Native to the desert regions of the southwestern U.S. and northern Mexico, Palmer amaranth was transported to the southeastern U.S. where it became a serious weed in soybeans, cotton, and other crops. Palmer amaranth has been moving north and now impacts corn and soybean production in the midwest states. More recently, Palmer amaranth has been found in the upper midwest in conservation plantings where it likely was a contaminant in the seed mix. Palmer amaranth has been reported in nearly every state in the U.S., and spreads through a variety of vectors, including contaminated crop seed, hay, forage, and farming equipment. Recent occurrences in North Dakota were found in millet and sugar beet fields.
The Federal Seed Act requires that all agricultural and vegetable seed sold in the U.S. has a label that includes, among other things, percent total weed seed and percent noxious weeds (according to the state noxious weed list where seed originated or is sold). Palmer amaranth is a restricted weed seed in Montana, and the name and percentage of restricted weed seed must be shown on the seed label. Differentiating among pigweed seeds is difficult but can be aided by genetic tests that are relatively inexpensive. Current genetic testing can be done to identify whether the pigweed seed is monoecious (redroot and other common pigweeds) or dioecious (Palmer amaranth). Testing is available through the National Agricultural Genotyping Center (https://www.genotypingcenter.com/palmer-amaranth-testing/). For more information contact MSU Extension (https://www.msuextension.org/ or http://ipm.montana.edu/).
Seedling of Palmer amaranth. BY MSU EXTENSION
Seedling of redroot pigweed. BY MSU EXTENSION
Actions if you find a suspicious plant—Early detection and rapid response.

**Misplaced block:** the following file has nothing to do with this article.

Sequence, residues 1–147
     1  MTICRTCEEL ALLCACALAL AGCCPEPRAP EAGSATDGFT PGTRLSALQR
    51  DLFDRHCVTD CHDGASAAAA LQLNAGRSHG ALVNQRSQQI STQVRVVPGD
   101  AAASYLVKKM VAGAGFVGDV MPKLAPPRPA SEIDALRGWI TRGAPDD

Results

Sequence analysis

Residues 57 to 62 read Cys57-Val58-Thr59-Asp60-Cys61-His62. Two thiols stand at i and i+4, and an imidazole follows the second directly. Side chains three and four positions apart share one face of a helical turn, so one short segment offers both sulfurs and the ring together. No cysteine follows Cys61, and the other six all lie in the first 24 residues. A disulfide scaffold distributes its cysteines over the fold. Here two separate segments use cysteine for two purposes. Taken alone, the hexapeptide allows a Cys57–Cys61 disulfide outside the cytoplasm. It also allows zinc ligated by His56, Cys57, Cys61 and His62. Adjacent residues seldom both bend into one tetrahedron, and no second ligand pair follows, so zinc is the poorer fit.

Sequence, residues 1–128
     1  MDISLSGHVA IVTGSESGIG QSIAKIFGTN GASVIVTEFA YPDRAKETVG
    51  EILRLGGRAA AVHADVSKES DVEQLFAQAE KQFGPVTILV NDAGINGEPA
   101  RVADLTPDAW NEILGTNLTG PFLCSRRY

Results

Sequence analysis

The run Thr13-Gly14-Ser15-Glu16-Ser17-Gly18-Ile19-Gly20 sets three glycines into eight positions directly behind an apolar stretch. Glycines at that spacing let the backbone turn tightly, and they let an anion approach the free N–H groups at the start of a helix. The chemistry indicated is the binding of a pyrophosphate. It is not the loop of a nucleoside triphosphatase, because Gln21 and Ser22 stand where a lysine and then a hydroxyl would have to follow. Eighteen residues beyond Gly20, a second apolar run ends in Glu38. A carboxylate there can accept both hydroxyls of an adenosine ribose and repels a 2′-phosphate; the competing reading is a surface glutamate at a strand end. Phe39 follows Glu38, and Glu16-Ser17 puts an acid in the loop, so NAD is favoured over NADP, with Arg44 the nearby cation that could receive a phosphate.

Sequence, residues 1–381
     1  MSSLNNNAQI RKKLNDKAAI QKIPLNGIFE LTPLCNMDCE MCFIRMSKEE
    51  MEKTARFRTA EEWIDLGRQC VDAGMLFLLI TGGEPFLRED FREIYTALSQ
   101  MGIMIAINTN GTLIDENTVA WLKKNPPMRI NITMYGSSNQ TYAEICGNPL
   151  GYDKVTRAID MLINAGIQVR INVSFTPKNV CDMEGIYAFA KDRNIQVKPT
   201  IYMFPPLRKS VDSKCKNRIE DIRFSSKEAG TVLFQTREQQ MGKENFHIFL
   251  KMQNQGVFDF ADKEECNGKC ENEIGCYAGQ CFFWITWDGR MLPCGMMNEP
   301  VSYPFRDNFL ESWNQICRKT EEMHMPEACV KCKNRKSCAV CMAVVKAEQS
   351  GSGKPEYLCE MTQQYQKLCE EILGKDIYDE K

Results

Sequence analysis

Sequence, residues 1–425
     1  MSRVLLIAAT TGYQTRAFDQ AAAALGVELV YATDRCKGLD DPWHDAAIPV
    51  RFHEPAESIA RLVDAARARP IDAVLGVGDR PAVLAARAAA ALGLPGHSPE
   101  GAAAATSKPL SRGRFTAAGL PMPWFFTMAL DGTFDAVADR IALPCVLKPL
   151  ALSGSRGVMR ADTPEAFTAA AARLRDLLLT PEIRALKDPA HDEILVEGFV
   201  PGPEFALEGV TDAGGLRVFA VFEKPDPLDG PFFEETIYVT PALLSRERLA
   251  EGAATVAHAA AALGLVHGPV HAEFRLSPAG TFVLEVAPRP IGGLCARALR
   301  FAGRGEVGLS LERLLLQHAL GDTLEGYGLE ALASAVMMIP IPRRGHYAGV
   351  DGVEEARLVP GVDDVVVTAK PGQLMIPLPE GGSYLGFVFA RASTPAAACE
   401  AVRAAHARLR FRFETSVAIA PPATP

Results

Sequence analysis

1. Contact your local Extension agent or agronomist to help identify the plant.
2. If Palmer amaranth is suspected, a specialist will visit the site and make visual confirmation.
3. Record the location with a GPS.
4. Genetic testing should occur to confirm pigweed identity.
5. Work with agricultural professionals to determine the source of Palmer amaranth.
6. Develop an action plan. It is important that plants be pulled and removed from the site before they go to seed, and the area be searched and monitored for additional plants for three years.
As of July 2020, Palmer amaranth has not been documented in Montana. Monitoring and correct identification is important. If you have questions, please contact your local Extension agent or Montana State University Extension specialists (msuextension.org, ipm.montana.edu)
Use seed from reliable and trusted sources. Purchase certified seed since it is field inspected for weeds and other contaminants. Ask for a copy of the seed label prior to purchase and check species and amount (number of seeds/pound) of other crop seeds, weed seeds, and noxious weed seeds. If amaranth species are listed under weed seeds, consider purchasing different species or using a different vendor, unless the seed has been tested to determine dioecious pigweed seed was absent. Inspect fields as often as possible to ensure Palmer amaranth or other noxious weeds are not growing.
Smooth stem of Palmer amaranth. BY MSU EXTENSION
Fuzzy stem of redroot pigweed. BY MSU EXTENSION
The long flowering stem (inflorescence) of Palmer amaranth. BY MSU EXTENSION
The inflorescence of redroot pigweed is short and thick. BY MSU EXTENSION
Palmer amaranth in winter wheat field in Oklahoma. BY MISHA MANUCHEHRI